Scopolamine, Our Platform Compound
DPI-386, our platform’s lead candidate, combines a novel scopolamine formulation with innovative intranasal delivery technology. Scopolamine has historically been used clinically to help the body’s parasympathetic nervous system respond effectively to motion sickness.1 We are leveraging the known benefits of scopolamine to potentially improve the health of patients suffering from a variety of conditions, including motion sickness. DPI-386 is an investigational compound in development for the prevention of symptoms associated with motion and is not yet FDA approved for any indication or use.
Mechanism of Action
Scopolamine acts as a competitive inhibitor at cholinergic receptor sites of the parasympathetic nervous system, a group of nerves that emerge directly from the brain. The parasympathetic nervous system plays a role in major depressive disorder, motion sickness, and other external threats.1 We are working to develop formulations with the potential to deliver pharmacologically diverse treatment alternatives.
Additional Therapeutic Opportunities
In addition to our work to develop scopolamine as a treatment for the prevention of symptoms associated with motion, we are evaluating scopolamine as a potential treatment for the following health conditions:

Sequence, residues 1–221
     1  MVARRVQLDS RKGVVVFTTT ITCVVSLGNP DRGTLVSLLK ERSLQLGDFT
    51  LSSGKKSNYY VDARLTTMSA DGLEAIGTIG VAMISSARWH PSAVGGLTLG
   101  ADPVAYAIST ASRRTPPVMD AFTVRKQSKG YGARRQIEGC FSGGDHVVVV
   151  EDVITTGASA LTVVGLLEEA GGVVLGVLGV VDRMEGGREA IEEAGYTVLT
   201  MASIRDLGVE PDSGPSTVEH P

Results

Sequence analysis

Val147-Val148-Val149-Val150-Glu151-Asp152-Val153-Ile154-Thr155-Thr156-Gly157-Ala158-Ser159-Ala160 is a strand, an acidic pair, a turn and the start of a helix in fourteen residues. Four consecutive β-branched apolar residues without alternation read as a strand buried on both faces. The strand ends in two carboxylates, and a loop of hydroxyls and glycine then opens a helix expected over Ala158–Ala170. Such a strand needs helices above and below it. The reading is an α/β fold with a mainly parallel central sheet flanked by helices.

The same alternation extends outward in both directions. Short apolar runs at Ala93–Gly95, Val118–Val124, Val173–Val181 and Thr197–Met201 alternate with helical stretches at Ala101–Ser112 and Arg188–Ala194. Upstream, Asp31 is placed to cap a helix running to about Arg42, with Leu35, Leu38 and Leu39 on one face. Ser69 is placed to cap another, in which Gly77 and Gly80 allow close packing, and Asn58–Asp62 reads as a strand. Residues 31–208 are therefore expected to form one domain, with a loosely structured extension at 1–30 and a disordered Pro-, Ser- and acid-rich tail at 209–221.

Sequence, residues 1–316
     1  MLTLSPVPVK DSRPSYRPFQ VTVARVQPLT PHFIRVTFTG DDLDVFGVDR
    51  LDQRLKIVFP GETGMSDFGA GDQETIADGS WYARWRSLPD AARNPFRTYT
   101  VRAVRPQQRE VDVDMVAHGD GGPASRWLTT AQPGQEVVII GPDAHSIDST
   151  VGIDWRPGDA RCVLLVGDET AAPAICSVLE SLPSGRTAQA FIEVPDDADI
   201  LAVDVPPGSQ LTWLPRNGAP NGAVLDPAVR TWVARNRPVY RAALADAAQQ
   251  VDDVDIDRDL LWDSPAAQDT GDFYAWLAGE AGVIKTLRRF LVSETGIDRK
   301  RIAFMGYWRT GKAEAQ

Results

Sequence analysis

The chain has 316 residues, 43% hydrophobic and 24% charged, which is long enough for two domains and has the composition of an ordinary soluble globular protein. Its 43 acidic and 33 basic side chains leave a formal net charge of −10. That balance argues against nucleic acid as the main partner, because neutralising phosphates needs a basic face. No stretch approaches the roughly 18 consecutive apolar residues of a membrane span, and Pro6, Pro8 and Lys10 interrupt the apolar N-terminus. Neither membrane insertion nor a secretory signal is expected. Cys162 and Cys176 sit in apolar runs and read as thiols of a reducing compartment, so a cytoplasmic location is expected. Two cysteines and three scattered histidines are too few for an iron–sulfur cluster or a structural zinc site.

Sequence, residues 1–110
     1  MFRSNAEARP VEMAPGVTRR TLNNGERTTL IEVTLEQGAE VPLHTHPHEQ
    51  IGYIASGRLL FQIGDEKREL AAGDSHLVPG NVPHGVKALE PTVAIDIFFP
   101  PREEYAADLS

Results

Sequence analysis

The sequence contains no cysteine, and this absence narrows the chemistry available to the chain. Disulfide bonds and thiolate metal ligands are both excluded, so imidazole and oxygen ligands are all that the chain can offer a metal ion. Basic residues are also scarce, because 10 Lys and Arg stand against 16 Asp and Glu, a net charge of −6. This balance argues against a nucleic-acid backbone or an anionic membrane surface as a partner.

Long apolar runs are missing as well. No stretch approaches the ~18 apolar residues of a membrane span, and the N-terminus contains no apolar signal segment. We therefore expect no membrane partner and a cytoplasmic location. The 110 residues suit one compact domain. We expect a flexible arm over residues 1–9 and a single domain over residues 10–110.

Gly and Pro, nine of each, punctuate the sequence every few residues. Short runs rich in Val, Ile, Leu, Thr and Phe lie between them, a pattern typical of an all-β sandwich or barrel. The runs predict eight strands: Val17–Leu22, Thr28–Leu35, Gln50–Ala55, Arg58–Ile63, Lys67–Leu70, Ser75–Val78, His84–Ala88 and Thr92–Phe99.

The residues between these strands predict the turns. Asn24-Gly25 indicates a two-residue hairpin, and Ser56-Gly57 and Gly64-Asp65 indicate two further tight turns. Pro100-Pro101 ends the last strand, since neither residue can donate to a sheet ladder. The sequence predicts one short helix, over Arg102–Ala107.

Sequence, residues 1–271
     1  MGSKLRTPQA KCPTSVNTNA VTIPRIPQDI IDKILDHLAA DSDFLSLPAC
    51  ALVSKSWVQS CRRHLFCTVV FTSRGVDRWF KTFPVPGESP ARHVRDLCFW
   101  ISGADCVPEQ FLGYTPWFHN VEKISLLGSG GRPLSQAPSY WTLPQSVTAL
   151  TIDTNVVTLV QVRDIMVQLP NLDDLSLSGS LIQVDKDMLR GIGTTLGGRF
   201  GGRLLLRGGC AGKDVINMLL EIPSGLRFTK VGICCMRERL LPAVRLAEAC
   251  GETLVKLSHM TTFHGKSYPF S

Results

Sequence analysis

Chemical exposure accidents or attacks
Symptoms of traumatic brain injury
We are working with the National Aeronautics and Space Administration (NASA) and the US Navy to develop an intranasal formulation of scopolamine to prevent the symptoms associated with motion. The Department of Veterans Affairs has recommended further research on the use of scopolamine for the treatment of suicidal ideation in MDD based on earlier studies conducted by the National Institutes of Health (NIH).2 Given the challenging scenarios frequently encountered by both active military personnel and veterans, intranasal scopolamine has the potential to provide an important treatment alternative to a diverse patient population in a variety of circumstances.
Learn more about our specific therapeutic areas.
- McCorry LK. Physiology of the autonomic nervous system. Am J Pharm Educ. 2007;71(4):78. doi:10.5688/aj710478
- Military Construction, Veterans Affairs, and Related Agencies Appropriations Act, 2022. H.R.4355 – 117th Congress (2021-2022). Congress.gov, Library of Congress, July 2, 2021. Accessed April 25, 2022. https://www.congress.gov/bill/117th-congress/house-bill/4355